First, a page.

170 Years of Jane Eyre

Here at b**p we love a good novel and we love to celebrate them too.

Today marks 170 years since the publication of Jane Eyre by Charlotte Brontë, or, as she was known at the time, Currer Bell.

In those glorious 170 years, there have been film adaptations of the novel, period dramas telling its story and plays touring the country showcasing the love story between Jane Eyre and Edward Fairfax Rochester.

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However, one of our favourite things about Jane Eyre is its revolutionary depiction of women. Jane is a young woman finding her way in the world when she falls in love with Rochester (who falls deeply in love with her too, by the way). Despite him being rich, intense and absolutely her equal in terms of intellect and opinions, she won’t be with him because her values are more important.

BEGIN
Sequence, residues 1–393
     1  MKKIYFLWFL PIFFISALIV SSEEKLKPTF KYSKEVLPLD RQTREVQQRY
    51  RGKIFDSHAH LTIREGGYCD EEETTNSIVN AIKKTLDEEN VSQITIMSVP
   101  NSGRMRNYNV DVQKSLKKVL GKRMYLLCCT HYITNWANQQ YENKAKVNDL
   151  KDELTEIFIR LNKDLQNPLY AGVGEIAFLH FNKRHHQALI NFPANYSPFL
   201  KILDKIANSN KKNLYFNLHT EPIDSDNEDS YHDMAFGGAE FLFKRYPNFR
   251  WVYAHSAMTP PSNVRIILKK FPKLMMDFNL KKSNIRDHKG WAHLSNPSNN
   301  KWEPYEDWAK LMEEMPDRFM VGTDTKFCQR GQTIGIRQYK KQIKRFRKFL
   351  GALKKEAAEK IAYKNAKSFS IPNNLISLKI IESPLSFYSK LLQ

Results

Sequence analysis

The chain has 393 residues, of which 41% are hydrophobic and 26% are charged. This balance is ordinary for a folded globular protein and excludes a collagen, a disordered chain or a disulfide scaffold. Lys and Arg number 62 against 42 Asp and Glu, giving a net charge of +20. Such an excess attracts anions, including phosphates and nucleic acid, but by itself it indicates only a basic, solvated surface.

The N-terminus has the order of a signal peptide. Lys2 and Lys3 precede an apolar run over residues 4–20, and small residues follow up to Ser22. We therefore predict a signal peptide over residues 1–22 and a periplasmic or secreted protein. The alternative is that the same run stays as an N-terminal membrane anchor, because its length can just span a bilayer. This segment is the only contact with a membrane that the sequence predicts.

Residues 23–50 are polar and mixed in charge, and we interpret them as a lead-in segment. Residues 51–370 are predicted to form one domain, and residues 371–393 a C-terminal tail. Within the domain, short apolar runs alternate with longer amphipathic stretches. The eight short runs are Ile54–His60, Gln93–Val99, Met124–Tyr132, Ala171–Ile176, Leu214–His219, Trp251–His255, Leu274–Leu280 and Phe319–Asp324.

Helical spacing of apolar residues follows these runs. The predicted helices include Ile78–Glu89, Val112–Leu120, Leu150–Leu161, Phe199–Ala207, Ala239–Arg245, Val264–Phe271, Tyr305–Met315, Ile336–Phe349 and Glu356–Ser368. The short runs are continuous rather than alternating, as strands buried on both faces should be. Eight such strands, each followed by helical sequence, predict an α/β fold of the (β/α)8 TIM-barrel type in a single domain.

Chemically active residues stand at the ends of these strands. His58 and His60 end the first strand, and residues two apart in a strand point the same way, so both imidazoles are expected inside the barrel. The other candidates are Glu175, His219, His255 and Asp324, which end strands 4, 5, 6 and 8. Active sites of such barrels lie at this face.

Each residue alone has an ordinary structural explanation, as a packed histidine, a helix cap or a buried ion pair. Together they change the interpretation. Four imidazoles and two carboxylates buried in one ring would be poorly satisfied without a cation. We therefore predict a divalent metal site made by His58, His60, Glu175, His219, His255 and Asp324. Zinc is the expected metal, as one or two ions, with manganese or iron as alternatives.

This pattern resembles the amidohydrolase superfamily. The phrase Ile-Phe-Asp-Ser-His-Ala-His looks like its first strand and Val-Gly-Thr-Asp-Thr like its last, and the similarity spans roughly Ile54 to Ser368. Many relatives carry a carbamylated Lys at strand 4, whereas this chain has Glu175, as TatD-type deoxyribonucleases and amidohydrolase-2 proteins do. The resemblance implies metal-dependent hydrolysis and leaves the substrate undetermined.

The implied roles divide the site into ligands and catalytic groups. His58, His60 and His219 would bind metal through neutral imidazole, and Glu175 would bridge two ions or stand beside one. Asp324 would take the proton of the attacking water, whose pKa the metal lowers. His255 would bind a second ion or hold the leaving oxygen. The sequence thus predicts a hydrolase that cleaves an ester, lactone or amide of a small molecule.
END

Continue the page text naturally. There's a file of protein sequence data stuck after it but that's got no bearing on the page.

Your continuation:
And then there’s the message about imperfections. Both Jane and Rochester are not conventionally attractive and both admit that about each other. Yet that’s what makes them perfect for each other and as a couple. It genuinely fills your heart with joy.

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I’m glad that Jane Eyre has been an example to women the world over, including myself. She is strong, not easily overwhelmed and despite these qualities that some may believe make her hardened, she is able to still be a woman. Too often in modern literature and film do we see female characters who are portrayed so strongly that they are never allowed to be vulnerable.

Charlotte Brontë never made that mistake. But that’s why she’s being remembered 170 years on and Suzanne Collins won’t be.

Happy 170 years, Jane and Charlotte.